How spiders create the sounds of love

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Media caption,

The 'purring' reveals how the wolf spiders use the surface they are on to transmit the sound of their courtship song

Scientists have revealed the musical, flirtatious side of a common spider.

Alexander Sweger and Prof George Uetz from the University of Cincinnati recorded the percussive courtship display of the so-called purring wolf spider Gladicosa gulosa.

They played the male spiders' call to females, revealing that they used leaves to transmit sound.

They presented the findings at the Acoustical Society of America annual meeting.

The researchers think this could provide clues about the earliest evolution of sound-based communication.

When the team started their research on this North American spider species they found that the few papers that had been published on it mentioned the sound it made - a quiet "chorus of spiders" that ecologists reported hearing in the forests of the US.

Most spiders use and detect physical vibrations, sensing through their legs the presence of one another, and of prey and predators.

Recording studio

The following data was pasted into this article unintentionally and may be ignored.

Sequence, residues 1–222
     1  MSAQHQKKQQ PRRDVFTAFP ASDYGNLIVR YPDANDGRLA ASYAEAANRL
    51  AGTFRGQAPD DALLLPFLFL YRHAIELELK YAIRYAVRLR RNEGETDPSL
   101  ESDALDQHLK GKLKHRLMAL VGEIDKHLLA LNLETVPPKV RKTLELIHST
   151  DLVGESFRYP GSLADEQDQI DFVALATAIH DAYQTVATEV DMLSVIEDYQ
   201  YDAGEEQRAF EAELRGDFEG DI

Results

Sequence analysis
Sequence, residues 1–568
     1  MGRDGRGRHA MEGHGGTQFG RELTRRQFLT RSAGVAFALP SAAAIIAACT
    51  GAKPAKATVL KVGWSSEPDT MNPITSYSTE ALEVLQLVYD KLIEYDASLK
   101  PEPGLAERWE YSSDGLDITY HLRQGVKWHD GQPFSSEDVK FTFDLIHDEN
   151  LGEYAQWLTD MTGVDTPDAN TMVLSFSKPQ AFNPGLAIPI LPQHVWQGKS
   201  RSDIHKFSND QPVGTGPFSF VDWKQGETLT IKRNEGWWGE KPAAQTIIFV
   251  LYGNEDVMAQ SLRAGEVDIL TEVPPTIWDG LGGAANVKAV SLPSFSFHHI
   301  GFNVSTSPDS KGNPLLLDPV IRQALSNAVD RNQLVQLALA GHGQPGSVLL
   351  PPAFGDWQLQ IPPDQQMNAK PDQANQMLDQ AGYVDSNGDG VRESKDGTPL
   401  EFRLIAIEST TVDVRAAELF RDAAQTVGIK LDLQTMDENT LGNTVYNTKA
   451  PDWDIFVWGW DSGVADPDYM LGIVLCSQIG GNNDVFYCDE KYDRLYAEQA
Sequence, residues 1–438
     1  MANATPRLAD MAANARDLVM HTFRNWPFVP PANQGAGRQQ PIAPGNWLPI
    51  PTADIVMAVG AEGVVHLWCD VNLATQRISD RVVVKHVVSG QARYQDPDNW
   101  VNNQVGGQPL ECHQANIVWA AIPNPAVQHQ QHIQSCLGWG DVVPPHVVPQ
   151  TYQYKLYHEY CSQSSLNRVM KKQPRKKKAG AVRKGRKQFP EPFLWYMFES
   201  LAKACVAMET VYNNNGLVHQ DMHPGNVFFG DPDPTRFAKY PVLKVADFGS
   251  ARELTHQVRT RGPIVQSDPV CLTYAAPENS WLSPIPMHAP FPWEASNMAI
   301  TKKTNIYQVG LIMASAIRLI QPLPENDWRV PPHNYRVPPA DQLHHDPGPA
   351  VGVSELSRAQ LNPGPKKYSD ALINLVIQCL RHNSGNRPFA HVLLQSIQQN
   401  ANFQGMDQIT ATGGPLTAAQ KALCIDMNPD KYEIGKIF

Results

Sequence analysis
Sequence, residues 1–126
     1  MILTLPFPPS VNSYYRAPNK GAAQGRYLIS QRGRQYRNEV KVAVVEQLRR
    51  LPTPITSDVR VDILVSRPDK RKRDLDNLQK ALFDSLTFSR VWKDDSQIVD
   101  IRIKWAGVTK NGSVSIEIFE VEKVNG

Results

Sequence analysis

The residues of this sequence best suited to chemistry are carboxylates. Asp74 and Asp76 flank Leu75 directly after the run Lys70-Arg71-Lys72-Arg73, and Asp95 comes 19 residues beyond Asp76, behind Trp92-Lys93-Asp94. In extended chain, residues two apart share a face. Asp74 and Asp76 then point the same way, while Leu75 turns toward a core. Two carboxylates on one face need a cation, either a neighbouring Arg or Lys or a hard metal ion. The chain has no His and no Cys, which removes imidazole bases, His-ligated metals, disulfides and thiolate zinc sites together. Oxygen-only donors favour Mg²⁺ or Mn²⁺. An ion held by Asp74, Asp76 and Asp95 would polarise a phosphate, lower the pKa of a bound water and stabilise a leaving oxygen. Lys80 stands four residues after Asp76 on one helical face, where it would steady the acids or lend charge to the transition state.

"I decided I wanted to find out whether this species using airborne sound to communicate," Mr Sweger told BBC News.

To do this, he and the team set up a tiny spider recording studio - putting male spiders on different surfaces and recording the sound they made.

Using scent cues from females, the researchers were able to trigger male wolf spiders to purr, a sound they make by dragging a special comb-like "stridulatory organ" across the surface they are on.

They then recorded and played back the sound to female spiders. This ensured that the females were exposed only to the airborne sound, rather than the physical vibrations the males produced.

This revealed that the serenade would only work - both for the source and the recipient - if the spiders were on leaf-like surfaces that vibrated easily.

"We found that it's the substrate itself that's responsible for the airborne component of the sound," said Mr Sweger.

"On granite or wood or dirt, you get little to no vibration and almost no sound.

"But on a leaf, or paper or parchment, you get vibration and you get the airborne sound."

Female spiders, Prof Uetz told BBC News, "pick up vibrations - so the sound is transmitted to them from leaf to leaf".

Spiders have special sensory organs in their legs, Prof Uetz explained. "They're called sensillae; they're sort of in their knees - that's how they hear."

The researchers are hoping to find out if the spiders have adapted to sing through the forest floor, and if this behaviour shows the very early evolution of a primitive sound-based communication.

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